Friends of the singer think there's some kind of conspiracy going on, and that police are out to make an example of him. A notable supporter is Jeannie Rau, who runs the Doherty website, and who says: "No doubt he has been a victim. They obviously let him go and followed him and rearrested him." His lawyer, Sean Curran, does not subscribe to that viewpoint, but points out: "He is going to get stopped every time a police officer looks at him because of his notoriety."

Doherty is now, of course, facing the threat of prison time over the six charges of possession of class A drugs, although Curran hopes that the court will consider rehabilitation instead. Because that worked so well last time.


Doherty's prison time hasn't helped his band's UK tour, of course, with half the dates having been put on hold due to his court dates and arrests. Of course, Libertines fans could make do with a gig from the new band from Doherty's former bandmate Carl Barat - or they could if there were any tickets left. Barat's Dirty Pretty Things tour sold out on Wednesday within half an hour of tickets going on sale. So much so the band have moved location (well, slightly) for their Glasgow show to accommodate more fans - they were due to play at the ABC2 on 5 Mar but have moved the gig to the larger capacity ABC.


Talking of extending gigs and things, Editors have added an extra date to their summer tour dates, and will now play a third gig at Brixton Academy this summer. The band previously announced shows at the venue for 30 and 31 May, and will now also play on 1 Jun. The London residency will follow dates in Glasgow on 28 May and Manchester on 29 May.


Bryan Adams was in Pakistan this weekend to perform at a charity gig in aid of the groups supporting those affected by last year's earthquake in the country.

He's the first Western pop star to perform in the country for some time, but he told a press conference on his arrival to the city of Karachi that he felt suitably safe performing in a region that has suffered from so much sectarian violence in recent years.

Adams: "I feel OK here and my perception of Pakistan is much like a lot of other places. I've been out for the last 20 years and I think people are people and I don't have a different perception of Pakistan".

On taking part in the charity event, he continued: "First of all it's exciting because, as far as I know, we are the first Western artists to come and play a big concert here. The perception around the world right now of Pakistan obviously is a country in need of help and as a Canadian I am very happy and very proud to be part of this evening performance. We are going to raise a lot of money to hopefully help rebuild some schools in the area that has been devastated."

The Canadian ambassador to Pakistan passed on his thanks to Adams for taking part in the fundraiser, saying: "We are proud of Bryan Adams not only for being a great singer but also for his humanitarian efforts to support humanity".


Xfm will continue its growth around the UK when it starts to broadcast on 97.7FM in Manchester on 15 Mar. The station confirmed the line up for its daytime schedule this morning. Comedian Paul Tonkinson will host breakfast on the new station, while Sony Award winning presenter Adam Cole will present mornings, current Xfm London presenter Gareth Brooks will present afternoons, former Rock FM DJ Mark Kaye will present drive time, while Inspiral Carpets legend Clint Boon and former Hacienda DJ Dave Haslam will present evenings. Tony Wilson, Elbow frontman Guy Garvey and the aforementioned Andy Rourke are all due to get weekend shows.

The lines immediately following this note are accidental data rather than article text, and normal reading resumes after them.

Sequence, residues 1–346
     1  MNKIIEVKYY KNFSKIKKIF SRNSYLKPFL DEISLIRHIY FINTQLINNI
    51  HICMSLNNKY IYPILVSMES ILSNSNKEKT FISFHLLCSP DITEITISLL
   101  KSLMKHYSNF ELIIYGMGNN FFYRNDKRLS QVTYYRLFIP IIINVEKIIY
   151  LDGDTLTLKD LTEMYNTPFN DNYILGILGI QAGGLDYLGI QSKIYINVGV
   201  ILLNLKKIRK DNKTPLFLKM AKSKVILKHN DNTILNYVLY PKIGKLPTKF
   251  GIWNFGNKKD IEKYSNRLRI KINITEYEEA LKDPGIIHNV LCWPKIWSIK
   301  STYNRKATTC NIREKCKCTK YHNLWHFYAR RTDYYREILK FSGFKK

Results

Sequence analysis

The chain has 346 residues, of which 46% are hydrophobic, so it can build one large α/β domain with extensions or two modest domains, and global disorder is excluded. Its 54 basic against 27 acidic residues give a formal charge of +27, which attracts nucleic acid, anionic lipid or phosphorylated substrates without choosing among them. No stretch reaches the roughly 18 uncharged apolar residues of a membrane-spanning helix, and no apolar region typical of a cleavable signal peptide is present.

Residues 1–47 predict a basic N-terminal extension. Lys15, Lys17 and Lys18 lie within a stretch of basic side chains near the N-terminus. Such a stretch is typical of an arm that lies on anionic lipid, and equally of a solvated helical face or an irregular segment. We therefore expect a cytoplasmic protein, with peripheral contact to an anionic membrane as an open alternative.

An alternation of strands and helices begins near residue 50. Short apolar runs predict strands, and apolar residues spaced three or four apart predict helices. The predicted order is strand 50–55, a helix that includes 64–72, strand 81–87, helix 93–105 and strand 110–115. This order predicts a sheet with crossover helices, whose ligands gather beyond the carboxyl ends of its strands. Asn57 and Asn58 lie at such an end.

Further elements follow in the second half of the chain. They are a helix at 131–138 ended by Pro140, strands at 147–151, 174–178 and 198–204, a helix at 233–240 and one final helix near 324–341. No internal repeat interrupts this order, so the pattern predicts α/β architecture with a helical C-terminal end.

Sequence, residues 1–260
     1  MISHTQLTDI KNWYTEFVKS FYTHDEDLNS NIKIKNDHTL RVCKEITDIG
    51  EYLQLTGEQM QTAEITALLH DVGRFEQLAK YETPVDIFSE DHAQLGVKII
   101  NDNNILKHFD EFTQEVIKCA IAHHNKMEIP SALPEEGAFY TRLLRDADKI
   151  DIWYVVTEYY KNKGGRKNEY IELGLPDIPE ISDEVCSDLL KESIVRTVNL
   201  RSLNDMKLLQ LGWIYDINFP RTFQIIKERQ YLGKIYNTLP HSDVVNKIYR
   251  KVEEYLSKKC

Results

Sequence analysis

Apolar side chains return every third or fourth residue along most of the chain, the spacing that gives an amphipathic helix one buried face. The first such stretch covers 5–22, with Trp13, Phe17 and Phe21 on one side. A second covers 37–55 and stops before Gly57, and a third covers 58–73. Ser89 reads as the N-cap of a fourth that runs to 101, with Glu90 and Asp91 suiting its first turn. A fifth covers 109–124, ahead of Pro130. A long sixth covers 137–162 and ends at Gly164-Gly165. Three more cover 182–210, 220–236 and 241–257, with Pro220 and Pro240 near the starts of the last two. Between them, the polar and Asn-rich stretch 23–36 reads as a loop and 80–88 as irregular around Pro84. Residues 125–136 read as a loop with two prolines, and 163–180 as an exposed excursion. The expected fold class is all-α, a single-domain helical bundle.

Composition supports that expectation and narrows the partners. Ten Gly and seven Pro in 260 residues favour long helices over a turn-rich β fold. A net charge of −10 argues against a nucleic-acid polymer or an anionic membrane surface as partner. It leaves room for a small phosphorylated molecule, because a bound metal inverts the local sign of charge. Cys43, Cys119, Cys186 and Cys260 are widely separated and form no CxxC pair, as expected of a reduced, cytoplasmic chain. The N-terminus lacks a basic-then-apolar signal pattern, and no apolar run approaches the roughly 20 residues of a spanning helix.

Confirming the line up, Xfm Network MD Nick Davidson told CMU: "I couldn't be more excited about the line-up! Sometimes I can't work out whether I'm putting together a radio station or forming Manchester's best ever band. This city has been crying out for a station like Xfm, which was born out of music from the Madchester era. It's a momentous occasion for a city like ours, which has been starved of a radio station with a passion for credible indie-rock music. Xfm playlisted bands such as Kaiser Chiefs, Richard Ashcroft, The Ordinary Boys and Arctic Monkeys dominate the charts these days proving there's a real thirst for our kind of music out there. Now at long last the good people of Manchester will be able to tune into a station that reflects that music taste 24 hours a day".

Confirming his involvement, Paul Tonkinson added: "Xfm is hitting Manchester and I can't wait. I am made up to be bringing this radio station to one of the best cities in the world and am honoured to be hosting the breakfast show. To play decent music and chat nonsense for cash is something I am very much looking forward to."

As previously reported, GCap have been busy expanding the reach of Xfm over the last few months, rebranding Scottish youth station Beat 106 and turning digital radio channels used by GWR's The Storm over to Xfm's London output. The company won the new Manchester licence last summer before all that expansion began.


Following Google's announcement at the Consumer Electronic Show earlier this month that they plan to launch a video download service, speculation is now rife that the search engine company is planning an iTunes competitor.

US financial website quote analysts as saying: "We believe that Google is in the midst of creating its own iTunes competitor, which we've dubbed 'Google Tunes'. We think this is a logical step, now that the nascent Google Video product has been introduced."

Another analyst, Robert Peck, told reporters: "We would expect Google to rollout a Beta service within 3 to 6 months. We note that Google has not confirmed our expectations, and that our thinking is based on Mosaic theory. However, we do think this fits with Google's recent moves and its ultimate goal of organising the world's information."